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Logo of nihpaAbout Author manuscriptsSubmit a manuscriptHHS Public Access; Author Manuscript; Accepted for publication in peer reviewed journal;
Genomics. Author manuscript; available in PMC 2010 December 1.
Published in final edited form as:
PMCID: PMC2783409

Ontological Discovery Environment: A system for integrating gene-phenotype associations


The wealth of genomic technologies has enabled biologists to rapidly ascribe phenotypic characters to biological substrates. Central to effective biological investigation is the operational definition of the process under investigation. We propose an elucidation of categories of biological characters, including disease relevant traits, based on natural endogenous processes and experimentally observed biological networks, pathways and systems rather than on externally manifested constructs and current semantics such as disease names and processes. The Ontological Discovery Environment (ODE) is an Internet accessible resource for the storage, sharing, retrieval and analysis of phenotype-centered genomic data sets across species and experimental model systems. Any type of data set representing gene-phenotype relationships, such quantitative trait loci (QTL) positional candidates, literature reviews, microarray experiments, ontological or even meta-data, may serve as inputs. To demonstrate a use case leveraging the homology capabilities of ODE and its ability to synthesize diverse data sets, we conducted an analysis of genomic studies related to alcoholism. The core of ODE’s gene-set similarity, distance and hierarchical analysis is the creation of a bipartite network of gene-phenotype relations, a unique discrete graph approach to analysis that enables set-set matching of non-referential data. Gene sets are annotated with several levels of metadata, including community ontologies, while gene set translations compare models across species. Computationally derived gene sets are integrated into hierarchical trees based on gene-derived phenotype interdependencies. Automated set identifications are augmented by statistical tools which enable users to interpret the confidence of modeled results. This approach allows data integration and hypothesis discovery across multiple experimental contexts, regardless of the face similarity and semantic annotation of the experimental systems or species domain.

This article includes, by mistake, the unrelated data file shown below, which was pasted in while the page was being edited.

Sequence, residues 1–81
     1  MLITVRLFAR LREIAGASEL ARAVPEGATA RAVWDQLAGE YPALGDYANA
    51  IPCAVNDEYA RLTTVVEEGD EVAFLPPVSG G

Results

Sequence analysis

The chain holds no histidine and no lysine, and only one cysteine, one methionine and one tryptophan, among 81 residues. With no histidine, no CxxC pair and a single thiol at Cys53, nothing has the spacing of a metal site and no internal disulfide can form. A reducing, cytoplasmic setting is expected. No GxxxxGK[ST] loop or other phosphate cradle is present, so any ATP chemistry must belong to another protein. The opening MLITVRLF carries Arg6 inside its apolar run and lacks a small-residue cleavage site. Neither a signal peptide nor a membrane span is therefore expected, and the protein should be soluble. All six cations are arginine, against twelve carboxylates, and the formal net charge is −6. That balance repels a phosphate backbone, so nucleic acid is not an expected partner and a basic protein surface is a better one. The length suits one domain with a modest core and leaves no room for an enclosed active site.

Keywords: homology, combinatorial algorithms, microarray, ontology


High-thoughput molecular biology provides a means to rapidly associate underlying molecular pathways and other substrates to biological structures and functions. These associations are used to characterize phenotypes and in a limited way, to define the relations among them. There are numerous methodologies for empirical creation and analysis of gene-sets from this type of data. In contrast, defining biologically meaningful categories of phenotypes, particularly those which share a common mechanism is problematic due to the often subjective and phenomenological description of such categories.

Working from the top down, ontology development efforts develop and impose a knowledge structure on biology. Phenotype ontologies such as the Mammalian Phenome Ontology (MPO) [1] and the Phenotype And Trait Ontology (PATO) [2] are projects designed to organize higher order phenotypes based on construct knowledge. Both make use of formalized processes for describing relations pioneered by the Gene Ontology Consortium [3]. These and other existing ontology development strategies often do not allow for the description of explicit structure and relationship among defined phenotypes. In the case of behavior, for example, there is limited shorthand to describe the essential categories of complex characteristics mediated by shared biological pathways. This is in contrast to biochemical pathways which are often more-well worked, though even the humble biochemical pathway becomes exquisitely complex as pathway members expand beyond reaction enzymes to the tremendous array of associated gene products involved in transport, anchoring, aggregation, synthesis and other processing of enzymes and substrates. Furthermore, it is challenging to compactly define and unify sets of processes that have different external manifestations of common internal processes. It then becomes vital to implement an approach that discovers the natural organizations of related behavioral processes as a reflection of underlying empirically-derived gene sets using dynamic points of intersection. Lastly, existing paradigms rely on prior knowledge or relevant gene groupings to describe new relationships successfully. For many new or largely uncharacterized genomic features, this is a significant problem. By constructing hierarchical ontologies from known gene-phenotype relationships, ODE breaks from existing constructs by separating the naturally occurring gene-network from the a priori concept structure of the ontology.